new Europe, undivided, and at peace."

The following is the text of Gore's speech.

(Begin text)

Thank you my long time friend President Nazerbayev. It is an honor to join you today to
speak on behalf of my president on the subject of how best to provide for the future security
and well-being of the OSCE community of nations.

I would like to begin by thanking our Chairman-in-Office Flavio Cotti of Switzerland, and to
congratulate our host, Portugal, for this magnificent hospitality and efficiency. In fact, in some
ways, there is perhaps no better place to have such a discussion than in this beautiful city and
in this great nation. Centuries ago, the Portuguese sailed beyond the familiar blue of the
Mediterranean to the uncertainty beyond. Undaunted by fear, they boldly opened the way to
Africa, to Asia and the Americas. It is fitting, therefore, that we meet in this land of discovery
to chart progress on a new voyage towards peace, security, and prosperity for our nations
and our peoples.

The moment for such an undertaking could not be more auspicious. Today, for the first time in
history, the nations of this region -- from the shores of the Atlantic to the Urals and the
steppes of Central Asia -- have taken upon themselves the obligation to live by democratic
values. On the eve of a new millennium, we at last can aspire to construct a Europe in which
the expectation of war has been replaced by the expectation of peace, a Europe in which
security is based on the interaction of free markets, free minds, free peoples, and free nations.
In this community of states, the security of each country must be indivisible from the security
of all.

As with any voyage into the unknown, each of us, naturally, has concerns about our chances
for success. And, very understandably, we also will have differences about which course to
take. Some of these differences will have been settled by the time this meeting ends. The
solution to others will need further discussion within the OSCE and other organizations, and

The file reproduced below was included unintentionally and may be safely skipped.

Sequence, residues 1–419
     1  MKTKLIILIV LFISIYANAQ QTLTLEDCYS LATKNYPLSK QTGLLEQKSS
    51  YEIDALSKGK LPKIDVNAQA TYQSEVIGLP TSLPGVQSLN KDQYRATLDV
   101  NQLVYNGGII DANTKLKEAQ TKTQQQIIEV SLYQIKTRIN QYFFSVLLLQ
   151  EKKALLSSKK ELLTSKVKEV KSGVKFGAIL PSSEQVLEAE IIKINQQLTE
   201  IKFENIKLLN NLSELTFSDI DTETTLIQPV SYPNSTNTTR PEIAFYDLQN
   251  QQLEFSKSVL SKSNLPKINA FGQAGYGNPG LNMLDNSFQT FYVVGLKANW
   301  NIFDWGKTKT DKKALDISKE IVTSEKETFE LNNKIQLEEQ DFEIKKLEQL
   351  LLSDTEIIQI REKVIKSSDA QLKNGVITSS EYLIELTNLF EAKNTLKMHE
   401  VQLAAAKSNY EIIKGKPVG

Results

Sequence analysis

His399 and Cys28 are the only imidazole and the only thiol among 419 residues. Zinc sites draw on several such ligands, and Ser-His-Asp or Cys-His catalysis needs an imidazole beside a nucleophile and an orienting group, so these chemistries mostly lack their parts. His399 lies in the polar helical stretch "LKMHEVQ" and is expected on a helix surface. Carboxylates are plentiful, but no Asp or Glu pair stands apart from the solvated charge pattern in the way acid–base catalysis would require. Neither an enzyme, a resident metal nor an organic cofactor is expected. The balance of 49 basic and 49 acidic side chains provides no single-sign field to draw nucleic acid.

among the parties particularly concerned.

But even though there is much work before us, let us not forget the remarkable progress we
already have made. First of all, we should note the degree to which the OSCE has kept faith
with the principles enshrined in the Helsinki Accords, despite the dramatic changes that have
occurred since those Accords were signed over two decades ago.

Today, as in earlier years, the OSCE continues to be a place where the issues that affect the
destiny of Europe can be debated on equal footing by all governments. The OSCE is unique
in this regard. But the OSCE has become much more than a great forum of nations. It has
become a way for nations to join together both in word and deed to address practical
problems and challenges to those principles which form the core of this body.

When the OSCE was founded, the greatest challenge to peace was the possibility of conflict
between massive alliances of political, military and economic rivals. God willing, those days
are gone. Today's gravest threats do not arise from clashes between groups of states, but
from discord within.

The OSCE fully recognizes this reality, and as a result is sustaining missions in regions where
the problem of ethnicity has become a central challenge to peace and security. These missions
-- in Nagorno-Karabakh, in Abkhazia, and elsewhere -- are unprecedented efforts to